It is essential to ensure that the OMC and the revised Lisbon Strategy mutually reinforce one another. Monitoring and evaluation also need to be strengthened.

Background

This second Joint Report on Social Protection and Social Inclusion responds directly to the challenges of the Lisbon Strategy and of the Hampton Court Summit, and builds on the 2003 Communication ” Strengthening the social dimension of the Lisbon strategy: Streamlining open coordination in the field of social protection “. It draws on the plans and policy statements produced by the Member States during 2005 under the three policy strands of social inclusion, pensions, and health and long-term care. It is guided by the views expressed by Member States and stakeholders on the value of the OMC.

Related Acts

Communication from the Commission of 22 December 2005, “ 
A new framework for the open coordination of social protection and inclusion policies in the European Union
 ” [COM (2005) 706 – Not published in the Official Journal]

Communication from the Commission of 27 January 2005 on the 
Draft joint Report on Social Protection and Social Inclusion 2005
 [COM (2005) 14 final – Not published in the Official Journal]

Communication from the Commission, of 27 May 2003, Strengthening the social dimension of the Lisbon strategy: Streamlining open coordination in the field of social protection [COM (2003) 261 final – Official Journal L 314 of 13.10.2004].

Joint Report on Social Protection and Social Inclusion 2008

Joint Report on Social Protection and Social Inclusion 2008

Outline of the Community (European Union) legislation about Joint Report on Social Protection and Social Inclusion 2008

Topics

These categories group together and put in context the legislative and non-legislative initiatives which deal with the same topic.

Employment and social policy > Social protection

Joint Report on Social Protection and Social Inclusion 2008

Joint report on social inclusion

Joint report on social inclusion

Outline of the Community (European Union) legislation about Joint report on social inclusion

Topics

These categories group together and put in context the legislative and non-legislative initiatives which deal with the same topic.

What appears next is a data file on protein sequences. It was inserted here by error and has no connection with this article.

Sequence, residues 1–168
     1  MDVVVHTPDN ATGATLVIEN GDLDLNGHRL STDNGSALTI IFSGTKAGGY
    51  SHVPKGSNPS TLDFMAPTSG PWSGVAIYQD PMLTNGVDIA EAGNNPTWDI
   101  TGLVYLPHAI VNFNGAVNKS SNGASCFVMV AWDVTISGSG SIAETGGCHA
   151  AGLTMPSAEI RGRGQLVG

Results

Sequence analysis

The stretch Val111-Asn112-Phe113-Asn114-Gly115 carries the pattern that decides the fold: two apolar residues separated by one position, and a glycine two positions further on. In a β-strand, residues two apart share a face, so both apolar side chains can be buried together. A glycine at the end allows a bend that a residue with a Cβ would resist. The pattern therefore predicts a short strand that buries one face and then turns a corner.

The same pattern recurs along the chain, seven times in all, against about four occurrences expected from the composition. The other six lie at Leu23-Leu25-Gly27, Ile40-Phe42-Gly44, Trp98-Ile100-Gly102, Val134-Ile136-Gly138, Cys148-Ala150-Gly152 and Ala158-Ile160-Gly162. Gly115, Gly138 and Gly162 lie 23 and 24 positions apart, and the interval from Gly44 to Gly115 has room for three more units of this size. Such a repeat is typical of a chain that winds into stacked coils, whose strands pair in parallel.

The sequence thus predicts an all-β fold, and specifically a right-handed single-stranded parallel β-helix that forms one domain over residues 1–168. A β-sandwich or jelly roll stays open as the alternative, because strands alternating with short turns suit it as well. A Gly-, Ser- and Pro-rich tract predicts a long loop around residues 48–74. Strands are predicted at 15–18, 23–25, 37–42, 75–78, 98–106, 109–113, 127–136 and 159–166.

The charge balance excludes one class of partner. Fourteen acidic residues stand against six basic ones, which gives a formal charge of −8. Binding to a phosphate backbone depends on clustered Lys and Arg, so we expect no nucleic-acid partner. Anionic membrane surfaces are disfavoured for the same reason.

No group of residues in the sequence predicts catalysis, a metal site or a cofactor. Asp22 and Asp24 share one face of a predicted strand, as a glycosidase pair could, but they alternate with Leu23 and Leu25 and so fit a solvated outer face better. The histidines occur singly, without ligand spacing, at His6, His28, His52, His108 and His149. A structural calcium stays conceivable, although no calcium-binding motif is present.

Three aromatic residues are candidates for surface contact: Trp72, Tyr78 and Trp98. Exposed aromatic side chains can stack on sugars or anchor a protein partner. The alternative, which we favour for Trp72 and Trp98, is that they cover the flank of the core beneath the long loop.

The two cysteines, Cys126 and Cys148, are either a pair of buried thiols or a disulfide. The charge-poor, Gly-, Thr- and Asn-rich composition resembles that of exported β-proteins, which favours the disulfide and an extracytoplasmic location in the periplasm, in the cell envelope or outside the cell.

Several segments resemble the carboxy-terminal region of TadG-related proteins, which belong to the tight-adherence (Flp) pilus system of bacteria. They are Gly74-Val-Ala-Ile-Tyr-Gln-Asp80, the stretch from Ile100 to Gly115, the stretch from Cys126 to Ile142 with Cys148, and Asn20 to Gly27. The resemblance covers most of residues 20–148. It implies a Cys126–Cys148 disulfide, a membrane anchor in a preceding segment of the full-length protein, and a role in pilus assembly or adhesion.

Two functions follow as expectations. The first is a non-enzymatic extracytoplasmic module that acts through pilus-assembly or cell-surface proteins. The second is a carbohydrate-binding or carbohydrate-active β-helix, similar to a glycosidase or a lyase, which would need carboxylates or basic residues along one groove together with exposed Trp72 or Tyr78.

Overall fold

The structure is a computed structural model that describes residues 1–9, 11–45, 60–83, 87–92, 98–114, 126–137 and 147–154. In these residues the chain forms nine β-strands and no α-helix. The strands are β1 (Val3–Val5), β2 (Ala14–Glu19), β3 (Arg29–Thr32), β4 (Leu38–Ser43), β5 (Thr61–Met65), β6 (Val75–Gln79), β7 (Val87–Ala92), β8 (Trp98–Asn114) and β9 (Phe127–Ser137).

Employment and social policy > Social inclusion and the fight against poverty

Joint report on social inclusion

Document or Iniciative

Communication from the Commission of 12 December 2003 concerning the joint report on social inclusion summarising the results of the examination of the National Action Plans for Social Inclusion (2003-2005) [COM(2003)773 – Not published in the official journal].

Summary

In order to encourage more ambitious and effective strategies to promote social inclusion, the report sets out the main trends and challenges associated with policies to combat poverty and social inclusion within the European Union. It also highlights the progress achieved in implementing the open method of coordination between the Member States and outlines the main priorities for action. This report served as the basis for the joint report by the Council and the Commission, which was adopted in March 2004.

SOCIAL INCLUSION – SITUATION IN THE EUROPEAN UNION

Overview

The action taken by the European Union to promote social inclusion must be examined in light of the overall economic downturn which Europe has suffered for the past few years. This development, which has been associated with a slowdown in employment growth and an increase in unemployment, has hampered, but not stopped, the European Union in its efforts to achieve the employment objectives set out in Lisbon and Stockholm.